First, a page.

Math is a subject where the challenges are constant. No matter how good you think you are, there is always a level above that will stress even the geniuses. For the ordinary student though, there are parabolkas in grade 10, transformation and trig in grade 11, and limits and deriviatives in grade 12. There will always be challenges mainly because math is a subject that is cumulative — there are many parts that stack onto each other, switch with one another, and combine with one another. If you think about it, math is extremely fluid.

You should begin to realize this at an early grade – you can’t simply plug in numbers and get an answer. Much of the stress in schools these days isn’t the correct answer anyways — it’s how you managed to get that answer. There is laways several ways to solve a problem, and yhis is where the malleability comes in.

As we stated before, math is cumulative, meaning that all the parts grow and build upon one another. The skills you learn in grade will be used in grade 12. Surprised? well fractions are familiar, but you don’t start applyong them to graphs until grade 11. It’s only then taht the confusion sets in.

Three tips to help you through understanding conplex problems are:

- Asking why
- Organization
- Explaining the concept in plain English

__Asking Why __

Asking why is the original way to learn about life as a child, adn it has the same effects here in math. Why do the operations function the way they do? Why would the steps flow this way? What does it accomplish? These are questions that will help clear things up.

Simply asking questions will help you understand the underlying mechanics. Here’s an example: In trig, why do we need the CAST rule? It helps you to determine whether a value is positive or negative, depending on where the triangle is located. In his case, you will begin to relate the location of the triangle to the signs of the answer, rather than blindly memorizing the steps.

__Asking Why __

Let’s stick with this example for a second. Look at graphs. Most students know that the number in front of the graph determines its vertical stretch and shrink, but have you ever asked why? This is because a trig function gives you a value (y value), and if you multiply that by a number, it will make the value bigger. If you apply that to every single number on the graph, it will make the entire graph bigger, and therefore create a vertical stretch.

If you can understand this, you can now relate what happens to the graphs if you replace that number with a fraction or a negative. Let’s examine the fraction. The fraction will make the value smaller, and therefore create a vertical shrink. How about negative? A negative in front will change the sign of the value. Now if you apply that to every value in the graph, it will flip the graph upside down, and therefore reflect it across the x-axis.

Simply by asking why, you can unlock the reasoning behind all the equations and headaches. Remember, blindly following formulas may help you in the knowledge and understanding portion of the tests when you’re regurgitating facts, but when you need to actually apply the knowledge, you won’t have a clue if you don’t understand it. Make sure you ask why!

__Organization __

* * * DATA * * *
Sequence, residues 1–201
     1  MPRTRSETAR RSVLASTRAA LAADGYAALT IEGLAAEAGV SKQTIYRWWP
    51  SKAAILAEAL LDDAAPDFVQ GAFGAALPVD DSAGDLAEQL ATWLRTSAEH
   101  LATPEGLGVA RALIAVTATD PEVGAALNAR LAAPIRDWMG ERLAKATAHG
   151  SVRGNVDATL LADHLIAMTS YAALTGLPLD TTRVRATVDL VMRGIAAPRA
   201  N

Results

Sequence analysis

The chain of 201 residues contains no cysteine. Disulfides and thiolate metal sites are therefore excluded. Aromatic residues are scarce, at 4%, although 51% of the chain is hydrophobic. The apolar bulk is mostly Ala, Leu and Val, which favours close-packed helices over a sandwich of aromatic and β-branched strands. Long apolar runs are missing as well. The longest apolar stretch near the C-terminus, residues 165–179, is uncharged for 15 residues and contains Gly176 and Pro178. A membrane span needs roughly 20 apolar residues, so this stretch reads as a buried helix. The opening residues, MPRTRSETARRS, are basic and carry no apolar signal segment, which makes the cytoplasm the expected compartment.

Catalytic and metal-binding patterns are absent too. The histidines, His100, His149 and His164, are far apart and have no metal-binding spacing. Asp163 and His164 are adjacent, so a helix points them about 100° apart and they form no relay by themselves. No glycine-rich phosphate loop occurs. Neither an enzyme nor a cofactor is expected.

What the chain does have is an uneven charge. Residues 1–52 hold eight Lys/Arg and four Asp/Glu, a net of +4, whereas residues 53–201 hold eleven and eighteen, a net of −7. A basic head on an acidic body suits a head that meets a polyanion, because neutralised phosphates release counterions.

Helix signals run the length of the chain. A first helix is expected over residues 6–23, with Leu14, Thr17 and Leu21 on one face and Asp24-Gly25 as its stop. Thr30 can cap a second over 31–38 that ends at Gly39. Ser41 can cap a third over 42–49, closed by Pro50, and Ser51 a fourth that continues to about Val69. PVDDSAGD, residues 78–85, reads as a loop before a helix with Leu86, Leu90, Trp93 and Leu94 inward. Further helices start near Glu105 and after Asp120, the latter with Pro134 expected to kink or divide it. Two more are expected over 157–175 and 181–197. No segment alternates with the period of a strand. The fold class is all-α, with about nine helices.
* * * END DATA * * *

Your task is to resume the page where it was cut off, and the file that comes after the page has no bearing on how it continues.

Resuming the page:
Organization is a life skill, not simply one for math. However, even if you aren’t the nearest person, adopting some organization skills for math might not be a bad idea. As you get to know the different parts of a concept, it might help to organize the big picture. The problem is that the teachers and textbooks often teach in scattered parts, only giving snapshots of the whole. What you need to do is try to evaluate the entire concept by putting all the pieces together. How to do this? Garb a sheet of paper and dig into the questions of the textbook.

As you’re going through the questions, start to fill in this idea of the big picture. What happens if a certain value or algebra changes? Is this new to you? If it is, write it down. If you keep going, you’ll end up with a summary sheet containing the different scenarios.

Now you’ll have to categorize these questions into different types. For example, if a question with integers operates differently form one with fractions, write his down. If you encounter a question that is entirely different, make a new category and plop that one down in there. Keep going through all the questions. Now you’ll have a comprehensive package containing all the questions and summaries. By this time, you should have a good understanding of the overall picture of the chapter, along with its parts and scenarios. This will help you tremendously in your tests and exams.

The key is to remember this: high school math is only so difficult. Teachers are restricted by the levels of math they can give you. If you can ace and keep organized the materials in your textbook, you’ll be fine. It all comes down to perseverance!

__Expalin Yourself in Plain English __* *

They say you learn the most when you can teach someone else. That demonstrates true understanding. So, teach someone! Or at least, pretend to. And to do that, imagine explaining these concepts to a classmate. Can you do it simply enough? If your explanation isn’t simple, then your understanding isn’t good enough.

Can you answer the following questions? What are you trying to do? How are you doing it? Why are certain steps relevant? Don’t be shy and let it all out. If you skimp out on details or hide something, it might change someone’s understanding. If you can’t do this successfully, go back to step and ask someone else to explain it to you!

The post is originally written by **Queen Elizabeth Academy** – **Math Tutor Mississauga****. **